In contrast to deepening a mass movement, events on Aug 22nd hint towards a trajectory of vanguard vs vanguard, with the mass movement increasingly sidelined by front-liner actions which prioritize the fighters and their objectives over the development of a militant, mass participatory base confronting the fascist threat. If fascism is a semi-autonomous right wing social movement, it needs to be countered by a left-wing social movement. The struggle against fascism cannot be reduced to a series of tactics or technologies. We don’t want a “standing army” of tactical specialists. We want a mass in motion, consisting of all the people willing to take those steps, with various levels of commitment and engagement. The contributions of those who for whatever reasons are not front-liners are as important as the activity of the front-liners themselves.
A World We Want to Live In, and How We Get There Matters
One notable aspect of Aug 22nd was that before the event, police and the city publicly abdicated responsibility for maintaining order. They were nonetheless present, and demonstrated the limits of their noninterventionist policies when an undercover officer emerged from the black bloc to make an arrest after a shoot-out downtown. This public retreat may reflect confidence in their ability to influence events from within the movement, and this likelihood further raises the importance of a set of agreed principles, of limits to violence, as well as accountability and discipline for all participants.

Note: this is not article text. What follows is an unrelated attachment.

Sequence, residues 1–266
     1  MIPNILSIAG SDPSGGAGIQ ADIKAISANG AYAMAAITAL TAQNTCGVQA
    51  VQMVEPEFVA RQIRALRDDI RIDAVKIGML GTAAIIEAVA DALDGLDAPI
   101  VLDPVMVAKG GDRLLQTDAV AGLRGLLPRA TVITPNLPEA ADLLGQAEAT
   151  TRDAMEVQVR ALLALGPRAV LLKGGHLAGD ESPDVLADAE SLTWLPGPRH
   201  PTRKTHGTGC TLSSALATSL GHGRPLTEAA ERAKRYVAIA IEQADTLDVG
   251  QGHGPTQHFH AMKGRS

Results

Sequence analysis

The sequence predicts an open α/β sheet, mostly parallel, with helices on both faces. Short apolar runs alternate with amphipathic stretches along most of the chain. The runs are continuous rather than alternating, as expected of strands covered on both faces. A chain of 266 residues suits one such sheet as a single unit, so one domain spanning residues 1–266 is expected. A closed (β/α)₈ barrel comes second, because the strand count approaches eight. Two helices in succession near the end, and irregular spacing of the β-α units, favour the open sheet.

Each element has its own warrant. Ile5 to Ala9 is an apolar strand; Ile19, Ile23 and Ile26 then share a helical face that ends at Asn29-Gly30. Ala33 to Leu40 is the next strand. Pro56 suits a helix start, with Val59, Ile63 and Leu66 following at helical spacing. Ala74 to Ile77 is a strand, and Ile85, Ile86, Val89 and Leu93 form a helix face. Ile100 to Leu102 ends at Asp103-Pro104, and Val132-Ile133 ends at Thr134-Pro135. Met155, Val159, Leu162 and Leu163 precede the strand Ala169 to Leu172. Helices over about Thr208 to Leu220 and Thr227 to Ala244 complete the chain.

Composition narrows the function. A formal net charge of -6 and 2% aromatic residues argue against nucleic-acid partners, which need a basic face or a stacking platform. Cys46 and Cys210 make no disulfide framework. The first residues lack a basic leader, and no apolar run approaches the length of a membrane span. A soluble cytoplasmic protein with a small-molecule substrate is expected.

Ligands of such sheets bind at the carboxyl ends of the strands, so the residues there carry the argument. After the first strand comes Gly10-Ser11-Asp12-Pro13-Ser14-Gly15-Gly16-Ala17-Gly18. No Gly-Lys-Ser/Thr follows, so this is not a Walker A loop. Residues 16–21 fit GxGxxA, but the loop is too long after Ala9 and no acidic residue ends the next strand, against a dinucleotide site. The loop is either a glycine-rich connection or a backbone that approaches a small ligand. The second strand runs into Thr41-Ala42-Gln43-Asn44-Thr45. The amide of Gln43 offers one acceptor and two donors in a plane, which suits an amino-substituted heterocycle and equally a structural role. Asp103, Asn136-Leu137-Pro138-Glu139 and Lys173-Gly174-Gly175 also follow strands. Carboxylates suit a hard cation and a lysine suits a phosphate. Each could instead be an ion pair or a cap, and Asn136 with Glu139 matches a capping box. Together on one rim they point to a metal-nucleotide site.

The partial withdrawal of state forces left open a particular hint of revolutionary possibilities — dual power. In such moments, our actions are important not only in accomplishing their immediate objectives of chasing fascists off the street, but as a demonstration of the politics and world we hope to see. Call it optics, call it realpolitik, but this matters immensely.
Popular support cannot be the sole metric for assessing the viability of an approach, but we cannot afford to ignore the multiple accounts from Aug 22nd where sympathizers who came down to support the action, accidental passersby, and workers in the neighborhood were questioned or felt menaced by black bloc. In one instance Chevron workers called police saying people were fighting with fireworks in their pumping station, causing them to worry about the dangers to the neighborhood of a potential gas explosion. (Police declined to respond.)
All of this points again towards questions as to the limits and potential costs of violence within the movement. Who are militants accountable to? How do the front liners maintain accountability to the movement as a whole? What will happen when disagreements within the movement begin to be resolved with force? How can individuals representing the movement be held accountable for actions like the attack on journalist Maranie Staab, without handing them to our enemies or embracing a punitive model of justice? But more importantly, how can these types of mistakes be identified and prevented in the future.